first appearance of Duality was a Euclidean distance problem
Re: [HM] On-line Article: Fermat Point Harold W Kuhn (kuhn@math.Princeton.edu) Fri, 24 Sep 1999 21:57:28 -0400 (EDT) Messages sorted by: [date][thread][subject][author] Next message: Antreas P. Hatzipolakis: "[HM] Four Euler Lines (was: On-line Article: Fermat Point)" Previous message: Alexander Zenkin: "[HM] Complete solution of the "liar" paradox" Re: [HM] On-line Article: Fermat Point
It is always a pleasure to chat with my colleague John Conway, if only by email. We talked a bit in the elevator of Fine Hall (the building housing the Mathematics Department of Princeton University) today but he was on his way to teach a class so this must continue the conversation in public.
John Conway wrote in HM-digest 195:
As in some better-known cases, the result was conjectured by Fermat rather than proved by him. The first recorded proof is by his student, Torricelli (the inventor of the barometer). I can't remember what this was, but might be able to find my notes about it. I do recall that I didn't regard it as a very good proof, so doubt that it was the type of proof you've obviously rediscovered, which is one of the standard ones. There are indeed many references, but I don't have them off by heart; you can ask me again if you don't find any recent ones from someone else (mine are all old ones, and might not be easily accessible to you).
My article, [Kuhn,] On a Pair of Dual Nonlinear Programs (Chapter III of "Nonlinear Programming", edited by J. Abadie, North-Holland Publishing, 1967, pp.37-54), contains a historical sketch, from which I shall quote:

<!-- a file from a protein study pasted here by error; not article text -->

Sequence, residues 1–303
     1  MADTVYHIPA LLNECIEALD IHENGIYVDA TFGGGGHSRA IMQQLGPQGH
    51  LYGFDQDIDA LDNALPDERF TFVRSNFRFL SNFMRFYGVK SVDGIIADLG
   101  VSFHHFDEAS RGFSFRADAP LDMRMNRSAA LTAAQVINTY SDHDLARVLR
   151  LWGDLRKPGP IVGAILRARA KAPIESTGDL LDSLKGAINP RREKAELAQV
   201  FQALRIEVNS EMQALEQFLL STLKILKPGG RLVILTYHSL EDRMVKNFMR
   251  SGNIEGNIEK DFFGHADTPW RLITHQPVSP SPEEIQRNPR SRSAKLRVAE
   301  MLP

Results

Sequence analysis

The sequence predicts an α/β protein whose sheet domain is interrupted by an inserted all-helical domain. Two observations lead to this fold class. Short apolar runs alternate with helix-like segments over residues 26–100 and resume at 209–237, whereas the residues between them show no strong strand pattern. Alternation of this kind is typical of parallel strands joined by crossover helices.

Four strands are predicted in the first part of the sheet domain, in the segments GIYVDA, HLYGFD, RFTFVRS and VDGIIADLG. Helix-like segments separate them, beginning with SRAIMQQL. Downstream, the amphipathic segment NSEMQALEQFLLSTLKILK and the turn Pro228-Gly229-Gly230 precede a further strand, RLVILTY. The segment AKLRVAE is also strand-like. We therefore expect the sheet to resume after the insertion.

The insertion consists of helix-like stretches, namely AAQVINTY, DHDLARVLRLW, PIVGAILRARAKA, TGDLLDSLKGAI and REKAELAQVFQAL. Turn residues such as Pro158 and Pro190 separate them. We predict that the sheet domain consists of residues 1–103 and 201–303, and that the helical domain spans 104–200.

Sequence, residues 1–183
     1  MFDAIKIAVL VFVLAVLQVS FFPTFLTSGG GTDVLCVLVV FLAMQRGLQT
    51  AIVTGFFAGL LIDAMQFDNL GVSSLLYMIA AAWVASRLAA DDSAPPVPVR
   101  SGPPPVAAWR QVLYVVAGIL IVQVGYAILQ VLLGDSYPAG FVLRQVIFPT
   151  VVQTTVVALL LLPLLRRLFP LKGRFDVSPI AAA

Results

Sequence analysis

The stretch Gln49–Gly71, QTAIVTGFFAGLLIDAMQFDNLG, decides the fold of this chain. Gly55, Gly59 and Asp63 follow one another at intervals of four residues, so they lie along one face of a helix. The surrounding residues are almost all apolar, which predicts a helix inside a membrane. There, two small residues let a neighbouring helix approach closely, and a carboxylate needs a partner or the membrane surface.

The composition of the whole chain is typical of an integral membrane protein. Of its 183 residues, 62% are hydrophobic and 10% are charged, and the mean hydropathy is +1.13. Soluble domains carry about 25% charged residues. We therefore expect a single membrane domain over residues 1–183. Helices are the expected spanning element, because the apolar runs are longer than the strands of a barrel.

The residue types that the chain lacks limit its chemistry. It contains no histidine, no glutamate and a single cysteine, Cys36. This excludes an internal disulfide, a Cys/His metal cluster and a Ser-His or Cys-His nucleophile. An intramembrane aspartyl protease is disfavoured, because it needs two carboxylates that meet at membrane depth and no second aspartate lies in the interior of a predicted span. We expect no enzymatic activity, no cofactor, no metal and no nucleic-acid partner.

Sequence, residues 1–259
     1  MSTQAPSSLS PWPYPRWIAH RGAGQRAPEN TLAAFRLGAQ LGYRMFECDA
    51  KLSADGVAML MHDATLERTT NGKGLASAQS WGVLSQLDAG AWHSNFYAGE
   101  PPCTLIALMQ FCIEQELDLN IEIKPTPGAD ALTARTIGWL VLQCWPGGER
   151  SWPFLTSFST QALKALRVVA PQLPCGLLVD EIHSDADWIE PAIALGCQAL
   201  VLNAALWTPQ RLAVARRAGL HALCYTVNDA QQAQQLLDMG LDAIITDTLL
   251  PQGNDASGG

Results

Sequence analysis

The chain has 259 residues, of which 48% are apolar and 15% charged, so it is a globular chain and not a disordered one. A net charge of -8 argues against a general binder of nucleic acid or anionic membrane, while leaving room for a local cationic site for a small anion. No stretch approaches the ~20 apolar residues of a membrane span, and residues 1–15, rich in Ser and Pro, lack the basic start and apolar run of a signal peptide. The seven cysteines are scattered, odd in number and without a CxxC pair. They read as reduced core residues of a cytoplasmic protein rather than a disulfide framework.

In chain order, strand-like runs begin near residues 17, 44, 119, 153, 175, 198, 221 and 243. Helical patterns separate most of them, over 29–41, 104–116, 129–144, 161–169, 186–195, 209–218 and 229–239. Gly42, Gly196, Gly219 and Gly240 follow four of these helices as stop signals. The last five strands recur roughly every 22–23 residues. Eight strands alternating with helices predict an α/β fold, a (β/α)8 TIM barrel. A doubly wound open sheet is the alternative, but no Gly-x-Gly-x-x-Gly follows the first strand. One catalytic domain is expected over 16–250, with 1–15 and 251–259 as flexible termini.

"Our story starts with a problem rather casually posed by Fermat early in the 17th century. At the end of his celebrated essay on maxima and minima, in which he presented pre-calculus rules for finding tangents to a variety of curves, he threw out the challenge:
[Primal] Let he who does not approve of my method attempt the solution of the following problem: Given three points in the plane, find a fourth point such that the sum of its distances to the three given points is a minimum!
The problem may have travelled to Italy with Mersenne; it is known that before 1640 Torricelli had solved the problem. He asserted that the circles circumscribing the equilateral triangles constructed on the sides of and outside the given triangle intersect in the point that is sought. This point is called the Torricelli point. Also, in Cavalieri's "Exercitationes geometricae" of 1647, it is shown that the sides of the given triangle subtend angles of 120 degrees from the Torricelli point. Furthermore, Simpson asserted and proved in his "Doctrine and Application of Fluxions" (London, 1750) that the three lines joining the outside vertices of the equilateral triangles defined above to the opposite vertices of the given triangle intersect in the Torricelli point. These three lines are called Simpson lines."
For original sources, see the article by M. Zacharias in the Encyclopaedie der Mathematischen Wissenschaften, III AB 9.